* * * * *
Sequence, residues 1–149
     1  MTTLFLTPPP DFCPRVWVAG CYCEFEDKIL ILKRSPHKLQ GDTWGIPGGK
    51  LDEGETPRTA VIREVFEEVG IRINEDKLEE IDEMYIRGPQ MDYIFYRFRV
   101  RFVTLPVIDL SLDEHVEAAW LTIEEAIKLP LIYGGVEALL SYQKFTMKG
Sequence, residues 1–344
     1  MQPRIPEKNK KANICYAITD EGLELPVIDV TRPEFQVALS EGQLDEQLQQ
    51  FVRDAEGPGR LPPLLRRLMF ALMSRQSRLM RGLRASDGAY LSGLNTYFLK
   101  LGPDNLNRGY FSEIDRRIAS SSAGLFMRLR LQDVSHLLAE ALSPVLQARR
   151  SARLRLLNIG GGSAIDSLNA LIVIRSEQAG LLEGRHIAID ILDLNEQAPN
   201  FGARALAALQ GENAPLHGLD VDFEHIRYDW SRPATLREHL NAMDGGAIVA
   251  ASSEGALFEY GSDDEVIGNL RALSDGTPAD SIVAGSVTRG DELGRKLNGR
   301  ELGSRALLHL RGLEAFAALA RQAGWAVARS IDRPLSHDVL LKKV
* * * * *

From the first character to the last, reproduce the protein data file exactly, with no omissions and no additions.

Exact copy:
Sequence, residues 1–149
     1  MTTLFLTPPP DFCPRVWVAG CYCEFEDKIL ILKRSPHKLQ GDTWGIPGGK
    51  LDEGETPRTA VIREVFEEVG IRINEDKLEE IDEMYIRGPQ MDYIFYRFRV
   101  RFVTLPVIDL SLDEHVEAAW LTIEEAIKLP LIYGGVEALL SYQKFTMKG
Sequence, residues 1–344
     1  MQPRIPEKNK KANICYAITD EGLELPVIDV TRPEFQVALS EGQLDEQLQQ
    51  FVRDAEGPGR LPPLLRRLMF ALMSRQSRLM RGLRASDGAY LSGLNTYFLK
   101  LGPDNLNRGY FSEIDRRIAS SSAGLFMRLR LQDVSHLLAE ALSPVLQARR
   151  SARLRLLNIG GGSAIDSLNA LIVIRSEQAG LLEGRHIAID ILDLNEQAPN
   201  FGARALAALQ GENAPLHGLD VDFEHIRYDW SRPATLREHL NAMDGGAIVA
   251  ASSEGALFEY GSDDEVIGNL RALSDGTPAD SIVAGSVTRG DELGRKLNGR
   301  ELGSRALLHL RGLEAFAALA RQAGWAVARS IDRPLSHDVL LKKV